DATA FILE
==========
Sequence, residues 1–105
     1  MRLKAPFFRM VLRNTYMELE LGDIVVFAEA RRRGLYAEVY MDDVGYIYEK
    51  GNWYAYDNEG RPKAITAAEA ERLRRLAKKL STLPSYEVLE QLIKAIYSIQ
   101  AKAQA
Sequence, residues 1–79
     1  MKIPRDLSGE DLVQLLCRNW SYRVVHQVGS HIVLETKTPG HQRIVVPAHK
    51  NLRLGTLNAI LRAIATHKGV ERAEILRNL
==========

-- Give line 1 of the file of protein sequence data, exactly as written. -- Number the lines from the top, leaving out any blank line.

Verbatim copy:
Sequence, residues 1–105